17 October 2018
The BVI Micro Business Company – supporting the little guy
As a leading offshore financial centre and in keeping with its constant drive toward the development and implementation of robust, modern and progressive corporate products, the British Virgin Islands (BVI) has recently introduced the Micro Business Companies Act (the “MBC Act”) – bespoke and innovative legislation designed specifically toward developing and supporting the ever-burgeoning micro/small business market.
By broad definition, micro businesses are typically characterized as being smaller style unsophisticated, non-financial sector corporate entities or structures usually having one owner and perhaps a handful of employees. Annual turnover, shareholder movement and asset base are generally of a limited or modest nature. Accordingly, many such micro-businesses have little or even no need for the often complicated and unnecessary constitutional and regulatory requirements which one may ordinarily encounter with standard or generic style corporate structures.
Enter the MBC – a user friendly, cost effective corporate product specifically designed to provide micro-businesses, entrepreneurs and sole traders alike with the freedom and scope to conduct their affairs in a manner which promotes growth without the burden of prohibitive costs and unnecessary statutory constraints.
Similar to entities incorporated under the primary BVI companies legislation, the BVI Business Companies Act or “BC Act”, companies incorporated under the MBC Act (termed as “MBCs”) are generally given a broad remit in terms of capacity and powers to carry on their business activities subject to the following restrictions:
- The MBC has no capacity to carry on any business that is regulated under any financial services legislation;
- Annual turnover should not exceed US$2,000,000 and have no more than 10 employees; or
- Gross asset value should not exceed US$2,000,000 and have no more than 10 employees.
Where the above limits are exceeded, the MBC will need to convert into a full business company or “BC” as if it was incorporated under the BC Act.
In order to level the playing field and mitigate the varying scope of fees which registered agent/ registered office providers (the “RA”) may charge for the incorporation, registration and maintenance of BC incorporated entities, the MBC Act directs that the BVI regulator may prescribe the fees which a prospective RA is permitted to levy and in turn, advertise for the incorporation and registration of an MBC.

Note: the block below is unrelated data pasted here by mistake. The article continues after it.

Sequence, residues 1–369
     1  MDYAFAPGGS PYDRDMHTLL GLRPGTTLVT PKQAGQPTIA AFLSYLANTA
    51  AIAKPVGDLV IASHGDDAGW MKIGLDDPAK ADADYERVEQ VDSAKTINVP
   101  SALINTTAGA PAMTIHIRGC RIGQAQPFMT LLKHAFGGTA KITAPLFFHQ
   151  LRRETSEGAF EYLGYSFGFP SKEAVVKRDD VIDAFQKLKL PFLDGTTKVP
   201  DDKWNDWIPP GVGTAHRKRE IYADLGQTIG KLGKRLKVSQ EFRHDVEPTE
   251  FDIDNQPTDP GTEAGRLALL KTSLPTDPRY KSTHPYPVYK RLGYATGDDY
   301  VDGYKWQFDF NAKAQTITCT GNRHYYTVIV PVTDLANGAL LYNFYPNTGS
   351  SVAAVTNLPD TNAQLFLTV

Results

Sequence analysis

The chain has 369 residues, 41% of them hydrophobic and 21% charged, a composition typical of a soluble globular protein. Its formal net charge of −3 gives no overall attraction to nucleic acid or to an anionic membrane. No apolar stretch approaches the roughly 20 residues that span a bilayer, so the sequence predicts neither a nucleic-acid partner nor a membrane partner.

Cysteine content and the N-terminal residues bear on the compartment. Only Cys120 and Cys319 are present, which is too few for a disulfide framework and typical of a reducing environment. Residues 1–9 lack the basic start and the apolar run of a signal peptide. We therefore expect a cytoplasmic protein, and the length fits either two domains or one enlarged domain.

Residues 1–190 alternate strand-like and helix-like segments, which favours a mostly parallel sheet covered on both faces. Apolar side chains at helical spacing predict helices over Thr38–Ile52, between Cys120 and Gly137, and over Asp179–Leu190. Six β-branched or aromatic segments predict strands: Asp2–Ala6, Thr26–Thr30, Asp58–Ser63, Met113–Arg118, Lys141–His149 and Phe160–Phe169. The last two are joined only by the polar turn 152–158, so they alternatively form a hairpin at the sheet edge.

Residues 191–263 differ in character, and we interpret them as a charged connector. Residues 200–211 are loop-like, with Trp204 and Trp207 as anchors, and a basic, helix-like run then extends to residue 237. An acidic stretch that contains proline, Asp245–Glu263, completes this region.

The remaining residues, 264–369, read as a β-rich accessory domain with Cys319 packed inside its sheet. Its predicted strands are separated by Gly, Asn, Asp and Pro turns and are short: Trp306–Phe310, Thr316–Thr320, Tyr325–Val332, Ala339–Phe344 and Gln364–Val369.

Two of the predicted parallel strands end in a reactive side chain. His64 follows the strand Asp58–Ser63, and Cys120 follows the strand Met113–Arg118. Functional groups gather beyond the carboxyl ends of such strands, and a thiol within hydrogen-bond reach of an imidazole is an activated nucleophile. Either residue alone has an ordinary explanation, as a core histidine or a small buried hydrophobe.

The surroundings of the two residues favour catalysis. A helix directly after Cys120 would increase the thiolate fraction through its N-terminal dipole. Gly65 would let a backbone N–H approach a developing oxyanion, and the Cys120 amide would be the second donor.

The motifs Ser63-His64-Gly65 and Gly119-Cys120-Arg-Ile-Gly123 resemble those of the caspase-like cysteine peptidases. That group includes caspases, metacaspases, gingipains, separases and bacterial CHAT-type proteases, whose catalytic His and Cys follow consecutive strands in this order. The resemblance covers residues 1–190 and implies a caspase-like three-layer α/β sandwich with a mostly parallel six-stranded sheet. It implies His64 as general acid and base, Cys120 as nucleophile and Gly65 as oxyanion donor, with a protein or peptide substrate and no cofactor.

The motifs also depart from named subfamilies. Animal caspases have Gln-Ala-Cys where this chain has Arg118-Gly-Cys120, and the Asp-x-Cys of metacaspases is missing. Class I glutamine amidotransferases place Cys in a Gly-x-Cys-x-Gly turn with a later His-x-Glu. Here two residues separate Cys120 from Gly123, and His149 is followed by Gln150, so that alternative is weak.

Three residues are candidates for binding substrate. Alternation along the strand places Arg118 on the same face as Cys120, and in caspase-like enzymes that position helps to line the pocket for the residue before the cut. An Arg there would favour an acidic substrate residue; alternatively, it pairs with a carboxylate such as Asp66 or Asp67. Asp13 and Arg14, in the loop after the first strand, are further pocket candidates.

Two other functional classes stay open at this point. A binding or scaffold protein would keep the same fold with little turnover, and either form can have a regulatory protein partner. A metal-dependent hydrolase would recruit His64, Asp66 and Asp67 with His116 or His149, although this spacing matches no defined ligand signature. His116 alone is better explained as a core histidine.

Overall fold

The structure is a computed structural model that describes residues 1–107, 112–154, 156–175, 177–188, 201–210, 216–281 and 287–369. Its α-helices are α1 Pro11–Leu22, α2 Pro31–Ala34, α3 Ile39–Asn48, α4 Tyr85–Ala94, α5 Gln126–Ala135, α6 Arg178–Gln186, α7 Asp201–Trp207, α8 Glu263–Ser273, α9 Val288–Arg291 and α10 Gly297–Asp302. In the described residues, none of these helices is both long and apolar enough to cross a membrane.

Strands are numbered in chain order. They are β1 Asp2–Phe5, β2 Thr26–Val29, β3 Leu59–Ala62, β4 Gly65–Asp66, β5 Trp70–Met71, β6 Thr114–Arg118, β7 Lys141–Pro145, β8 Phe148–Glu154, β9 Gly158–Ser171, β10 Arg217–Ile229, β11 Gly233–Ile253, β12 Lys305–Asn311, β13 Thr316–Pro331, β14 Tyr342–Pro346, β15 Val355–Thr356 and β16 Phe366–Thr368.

MBCs are permitted to issue no more than six shares in total consisting of one “principal” share and a maximum of five “investor” or “participant” shares. In addition to full statutory dividend and distribution rights, the principal share confers on the holder the express right and unilateral authority to act on behalf of the MBC thus allowing the principal full independence to negotiate and agree transactions on behalf of the MBC (with no requirement to pass formal director style resolutions/approvals). The principal share is transferrable in nature; however, may not be encumbered under any form of security interest, held on trust/on a nominee basis or jointly held.
The dividend and distribution rights attributable to participant shares are generally more flexible in nature and are required to be set out in the constitution or “Charter” of the MBC. They are however, non-transferrable and carry no voting rights. Similarly with the principal share, participant shares (or any right there under) may not be encumbered under any form of security.
As part of the incorporation process, the RA of an MBC is required to file a copy of the MBC’s Charter with the Registry of Corporate Affairs in the BVI (the “Registry”) which, among other administrative requirements, must include details of the following:
- the specific business purpose of the MBC (which unlike BC Companies, are permitted to have a wide/open scale object clause) and the country in which the primary place of business operation of the MBC is located; and
- the name and nationality of the principal and that the principal is the registered holder of the principal share.
Post-incorporation, the MBC must file (via its RA) an annual return with the Registry confirming that its initial incorporation details are indeed still correct (i.e. as they relate to business scope and principal details) and further, that it still meets the statutory threshold requirements as they relate to employee numbers as well as turnover and asset values. Failure to file the annual return will result in the MBC being struck off the register of companies and dissolved after a period of one year. That said, the company may be restored provided all outstanding filings are completed and penalties paid.
With the introduction of the MBC Act, the BVI has further demonstrated its forward thinking commitment in developing and progressing cross-border trade by affording entrepreneurs, sole traders and small/micro business alike the opportunity to grow their enterprises on a global yet scalable basis.
An original version of this article was published by Asian Legal Business, October 2018.